A brother and sister, sitting in a coffee bar, bicker mildly about whose idea it was to come to Memphis and which kind of cigarette is fresher. Danny, their waiter, comes by offering ... See full summary »
As the extremely withdrawn Don Johnston is dumped by his latest woman, he receives an anonymous letter from a former lover informing him that he has a son who may be looking for him. A freelance sleuth neighbor moves Don to embark on a cross-country search for his old flames in search of answers.
In a vignette called "Strange to meet you," Roberto sits at a small table in a coffee bar. Five cups of coffee and two ashtrays are in front of him; he drinks and smokes. Steven joins him. ... See full summary »
A young woman escapes from a mental hospital during the chaos of a nearby multiple-car accident. She is mistaken for a shock victim and is driven to her sister's house by a rescue volunteer... See full summary »
A brother and sister, sitting in a coffee bar, bicker mildly about whose idea it was to come to Memphis and which kind of cigarette is fresher. Danny, their waiter, comes by offering refills; after determining they are twins, he guesses which is the evil one. Without a pause, he sits down and offers his theory about Elvis's twin. He drones on. The good twin finally speaks up, giving her own opinion. The waiter is unfazed. After his boss finally calls him back to work, the twins are free to resume their bickering amidst the coffee and cigarettes. Written by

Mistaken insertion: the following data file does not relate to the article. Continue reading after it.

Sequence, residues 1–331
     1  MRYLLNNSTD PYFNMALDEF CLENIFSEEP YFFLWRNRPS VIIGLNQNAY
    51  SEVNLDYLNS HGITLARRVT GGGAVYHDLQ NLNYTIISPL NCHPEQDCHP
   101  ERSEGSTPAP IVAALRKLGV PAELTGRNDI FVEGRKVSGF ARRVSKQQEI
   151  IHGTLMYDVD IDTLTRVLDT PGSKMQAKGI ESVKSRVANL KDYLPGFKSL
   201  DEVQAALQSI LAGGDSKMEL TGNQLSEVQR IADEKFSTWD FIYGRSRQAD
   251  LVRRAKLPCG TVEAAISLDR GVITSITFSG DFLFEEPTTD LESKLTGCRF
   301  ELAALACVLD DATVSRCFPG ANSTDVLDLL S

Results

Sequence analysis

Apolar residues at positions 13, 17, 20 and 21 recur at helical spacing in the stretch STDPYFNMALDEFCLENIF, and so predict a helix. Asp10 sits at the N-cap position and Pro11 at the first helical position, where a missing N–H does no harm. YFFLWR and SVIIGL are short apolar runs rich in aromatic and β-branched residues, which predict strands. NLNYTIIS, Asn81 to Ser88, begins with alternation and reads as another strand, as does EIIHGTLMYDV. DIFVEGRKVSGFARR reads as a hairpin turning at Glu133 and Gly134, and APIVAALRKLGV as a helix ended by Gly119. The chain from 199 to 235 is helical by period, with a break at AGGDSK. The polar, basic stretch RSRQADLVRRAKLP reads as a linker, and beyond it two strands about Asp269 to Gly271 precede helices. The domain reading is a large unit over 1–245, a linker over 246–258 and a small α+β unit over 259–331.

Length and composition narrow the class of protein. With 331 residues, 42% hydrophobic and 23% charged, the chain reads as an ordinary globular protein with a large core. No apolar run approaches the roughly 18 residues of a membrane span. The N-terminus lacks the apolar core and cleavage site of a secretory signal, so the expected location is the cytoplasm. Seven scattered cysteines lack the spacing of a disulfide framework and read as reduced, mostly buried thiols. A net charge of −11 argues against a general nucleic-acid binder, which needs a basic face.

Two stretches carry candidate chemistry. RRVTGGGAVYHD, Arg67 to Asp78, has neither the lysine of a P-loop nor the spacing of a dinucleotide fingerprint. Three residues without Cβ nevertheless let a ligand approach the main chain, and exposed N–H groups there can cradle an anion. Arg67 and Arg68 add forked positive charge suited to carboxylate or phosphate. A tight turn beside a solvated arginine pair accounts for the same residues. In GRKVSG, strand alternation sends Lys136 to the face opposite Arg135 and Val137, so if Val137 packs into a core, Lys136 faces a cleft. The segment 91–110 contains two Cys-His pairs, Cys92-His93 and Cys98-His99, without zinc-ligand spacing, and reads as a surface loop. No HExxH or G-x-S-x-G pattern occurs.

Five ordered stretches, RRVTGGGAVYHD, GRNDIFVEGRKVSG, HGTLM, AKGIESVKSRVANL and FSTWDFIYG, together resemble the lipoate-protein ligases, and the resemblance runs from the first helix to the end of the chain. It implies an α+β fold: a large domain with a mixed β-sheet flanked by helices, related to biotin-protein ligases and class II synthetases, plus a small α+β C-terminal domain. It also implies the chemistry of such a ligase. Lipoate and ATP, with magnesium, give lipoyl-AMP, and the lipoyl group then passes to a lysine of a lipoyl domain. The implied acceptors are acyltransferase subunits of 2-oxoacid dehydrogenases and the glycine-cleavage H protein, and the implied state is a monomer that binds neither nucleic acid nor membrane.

Perhaps my second or third favorite of the C&C shorts: A-
One of the shorts from Jim Jarmusch's 17-year compilation devoted to two of the most accepted of habits brings together relations of director Spike Lee, and the then lessor known actor Steve Buscemi. The short pulls off it's laughs while being blunt as well as subtle, if that makes sense. The Lee's are stuck in Memphis, and Elvis conspiracizer Buscemi tries out his 'evil-twin Elvis' theory on them. There's not a whole lot too the short, but what it delivers is genuine, and funny. The music as well is placed in with the right gusto. It's hard for me to say if it's my favorite of the vignette's from Jarmusch's mix of caffeine and nicotene laden shorts, however it does strike up as being one of the most memorable.
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